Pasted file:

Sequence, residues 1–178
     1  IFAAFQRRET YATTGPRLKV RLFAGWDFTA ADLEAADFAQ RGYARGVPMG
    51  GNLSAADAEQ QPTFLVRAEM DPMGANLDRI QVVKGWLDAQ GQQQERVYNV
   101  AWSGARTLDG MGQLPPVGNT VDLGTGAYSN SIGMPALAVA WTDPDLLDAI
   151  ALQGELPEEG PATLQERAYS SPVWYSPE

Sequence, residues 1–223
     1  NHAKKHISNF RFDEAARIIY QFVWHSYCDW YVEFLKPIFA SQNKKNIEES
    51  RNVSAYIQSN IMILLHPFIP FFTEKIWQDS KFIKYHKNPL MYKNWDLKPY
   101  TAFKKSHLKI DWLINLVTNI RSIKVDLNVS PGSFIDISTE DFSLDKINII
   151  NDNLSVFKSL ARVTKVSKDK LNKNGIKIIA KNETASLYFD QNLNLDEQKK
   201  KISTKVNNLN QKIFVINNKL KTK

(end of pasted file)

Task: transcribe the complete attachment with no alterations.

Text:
Sequence, residues 1–178
     1  IFAAFQRRET YATTGPRLKV RLFAGWDFTA ADLEAADFAQ RGYARGVPMG
    51  GNLSAADAEQ QPTFLVRAEM DPMGANLDRI QVVKGWLDAQ GQQQERVYNV
   101  AWSGARTLDG MGQLPPVGNT VDLGTGAYSN SIGMPALAVA WTDPDLLDAI
   151  ALQGELPEEG PATLQERAYS SPVWYSPE

Sequence, residues 1–223
     1  NHAKKHISNF RFDEAARIIY QFVWHSYCDW YVEFLKPIFA SQNKKNIEES
    51  RNVSAYIQSN IMILLHPFIP FFTEKIWQDS KFIKYHKNPL MYKNWDLKPY
   101  TAFKKSHLKI DWLINLVTNI RSIKVDLNVS PGSFIDISTE DFSLDKINII
   151  NDNLSVFKSL ARVTKVSKDK LNKNGIKIIA KNETASLYFD QNLNLDEQKK
   201  KISTKVNNLN QKIFVINNKL KTK